Consumer Hero vs. Big Pharma – Who Wins?

October 13, 2009

drugs and moneyBy Terry Smiljanich:

For more than 20 years Dr. Dennis Mangano, a California anesthesiologist, has waged a lone battle against major drug manufacturers.  His major weapon was a unique patient data base he compiled involving thousands of surgery patients from around the world. Thanks to his tireless efforts, unsafe drugs have been taken off the market.

But Dr. Magnano’s good work took a  major hit when Pfizer, one of the country’s biggest drug companies, secretly obtained his data base from a traitorous employee.  The doctor was forced to sue the company for justice. At the end of a jury trial, Dr. Mangano won and Pfiser suffered a $58 million judgment against it. Happy ending? Read on.

Ischemic Heart Attacks

The saga of Dr. Mangano was recently outlined in an article by Kris Hundley in the St. Petersburg Times. He also was featured on CBS’ “60 Minutes” last year.

Back in the 80’s, Dr. Mangano became concerned over the high incidence of ischemic (heart) attacks following surgery. After compiling his unique data base from hospitals around the world, Dr. Mangano started the Ischemia Research and Education Foundation (IREF) and began independent studies of drugs on the market and their potential effect on post-surgery heart attacks.

Since the IREF data base was so valuable in evaluating such health problems, it sold access to its data to drug companies with one important requirement – that Dr. Mangano and his organization reserved the right to review any safety studies and publish the results.  His goal was to prevent drug companies from hiding any negative results.

Trasylol Deaths

He spent years studying Trasylol, a Bayer drug approved by the FDA for reducing surgery-related blood loss. He concluded that Trasylol actually increased the risk of heart attack and renal failure, and the respected New England Journal of Medicine published his paper concluding that cheaper $11 drugs were safer and more effective than the expensive $1,400 Trasylol.

An FDA panel considered his evidence, and the counter evidence produced by Bayer, and sided with Bayer. Only days later, however, a researcher called the FDA and revealed that Bayer’s own internal studies matched that of Dr. Mangano! Oops. Bayer profusely apologized, and called its failure to mention this at the FDA hearings as a negligent mistake.

Can you even imagine that the FDA let Bayer get away with this absolutely incredible excuse? The FDA finally took Trasylol off the market, but not before some 22,000 Trasylol-related deaths had occurred.

Pfizer and Bextra

Pfizer turned to the IREF in 1999 and paid it $4 million for use of a limited portion of its data in evaluating its new drug Bextra in order to obtain FDA approval. Unfortunately, the study concluded that Bextra’s side effects were dangerous. Despite Dr. Mangano’s paper outlining such problems, the FDA approved Bextra in 2001.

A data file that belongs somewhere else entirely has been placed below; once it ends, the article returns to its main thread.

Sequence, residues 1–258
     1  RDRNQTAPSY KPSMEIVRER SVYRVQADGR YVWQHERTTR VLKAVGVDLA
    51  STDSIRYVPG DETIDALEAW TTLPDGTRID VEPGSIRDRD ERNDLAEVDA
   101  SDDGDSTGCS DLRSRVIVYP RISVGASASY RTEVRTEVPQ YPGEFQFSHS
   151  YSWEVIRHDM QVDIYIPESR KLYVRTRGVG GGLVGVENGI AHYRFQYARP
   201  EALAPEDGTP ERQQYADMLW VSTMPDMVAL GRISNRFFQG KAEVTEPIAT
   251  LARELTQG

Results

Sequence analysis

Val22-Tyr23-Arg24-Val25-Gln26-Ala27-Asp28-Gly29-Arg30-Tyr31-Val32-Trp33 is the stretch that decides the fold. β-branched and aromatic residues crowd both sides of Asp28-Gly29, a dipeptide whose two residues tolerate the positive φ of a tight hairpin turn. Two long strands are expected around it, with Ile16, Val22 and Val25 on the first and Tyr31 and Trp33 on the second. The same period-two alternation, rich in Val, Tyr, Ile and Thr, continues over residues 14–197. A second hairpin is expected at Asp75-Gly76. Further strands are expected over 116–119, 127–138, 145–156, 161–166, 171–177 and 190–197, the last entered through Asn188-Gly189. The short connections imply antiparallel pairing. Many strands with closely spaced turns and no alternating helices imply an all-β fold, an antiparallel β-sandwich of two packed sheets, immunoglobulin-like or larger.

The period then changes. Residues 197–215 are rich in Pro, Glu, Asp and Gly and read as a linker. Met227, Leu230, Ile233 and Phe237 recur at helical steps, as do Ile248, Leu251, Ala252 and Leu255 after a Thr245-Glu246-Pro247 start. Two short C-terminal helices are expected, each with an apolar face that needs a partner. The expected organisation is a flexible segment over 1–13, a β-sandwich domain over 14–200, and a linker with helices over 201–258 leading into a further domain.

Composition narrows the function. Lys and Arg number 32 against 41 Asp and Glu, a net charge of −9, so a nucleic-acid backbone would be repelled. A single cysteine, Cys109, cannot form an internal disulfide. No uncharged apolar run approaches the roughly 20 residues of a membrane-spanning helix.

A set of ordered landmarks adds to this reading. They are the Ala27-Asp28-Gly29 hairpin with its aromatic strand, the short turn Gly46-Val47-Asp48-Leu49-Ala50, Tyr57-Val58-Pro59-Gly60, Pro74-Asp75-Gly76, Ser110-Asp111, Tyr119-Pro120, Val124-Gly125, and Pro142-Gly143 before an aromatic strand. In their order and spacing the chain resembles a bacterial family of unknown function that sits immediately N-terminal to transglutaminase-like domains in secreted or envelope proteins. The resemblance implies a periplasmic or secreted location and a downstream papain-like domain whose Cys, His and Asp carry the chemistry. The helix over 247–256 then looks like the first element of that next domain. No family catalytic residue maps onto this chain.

Dr. Mangano offered Pfizer use of an even larger data base, but Pfizer refused (no need to wonder why). Then, in 2004, Dr. Mangano discovered that an employee of IREF had been secretly giving access to the IREF data base to Pfizer. He filed a lawsuit against Pfizer alleging that Pfizer and his former employee had stolen his data, data he said cost him more than $70 million to accumulate.

Pfizer offered Dr. Mangano $24 million to settle, but he “wanted a jury of peers to hear the case.” After six weeks of trial in California, on December 22, 2008 the jury agreed with Dr. Mangano on all counts and awarded him $58 million in damages against Pfizer. “It’s very risky going against a big company like Pfizer but the right thing has been done,” he said of the verdict.

Travesty of Justice

Pfizer filed the usual post-trial motions, asking the judge to throw out the jury verdict. In July of this year, Judge Gregory H. Ward did exactly that. He concluded, based on his own evaluation of the evidence and disregarding the jury’s opinion, that the IREF employee had “acted without the knowledge and consent of Pfizer.” Judge Ward granted Pfizer a new trial.

The jury foreman, Jeffrey Frenster, said the jurors were stunned. “We didn’t find the testimony of the vast majority of Pfizer’s witnesses to be credible.” That of course is what jurors are for – to weigh the testimony and reach their own conclusions as to the truth. Judges are supposed to apply the law, not act like a super jury.

The Power of Big Pharma

A multi-year litigation against a major drug company like Pfizer (with $44 billion in sales in 2008), with a six week trial thrown in, is expensive. The cost of the litigation caused the IREF to be reduced from 80 employees to just 3, and it is now heavily in debt.

Dr. Mangano, with four young children at home, says that he cannot afford another endless round of battle against Pfizer and its legions of attorneys backed by buckets of money. As for his future, he says: “Once you sue a pharmaceutical company, and you go on 60 Minutes as the whistle blower who cost Bayer Trasylol sales, you’re persona non grata,” he said. “No one wants to do business with you.”

And Bextra? It’s finally been removed from the market by the FDA. This year Pfizer agreed to pay a record $2.3 billion to the government for violations of FDA laws, and a Pfizer subsidiary actually pleaded guilty to a criminal charge related to Bextra.

Is Pfizer crying in remorse? Hardly. It put the IREF out of business, and although it paid $2.3 in the government settlement, it posted Bextra sales of almost $2.5 billion in the past three years. Now, Pfizer is a major player at the table involving what to do to reform our health care system. Makes you feel real good inside, doesn’t it?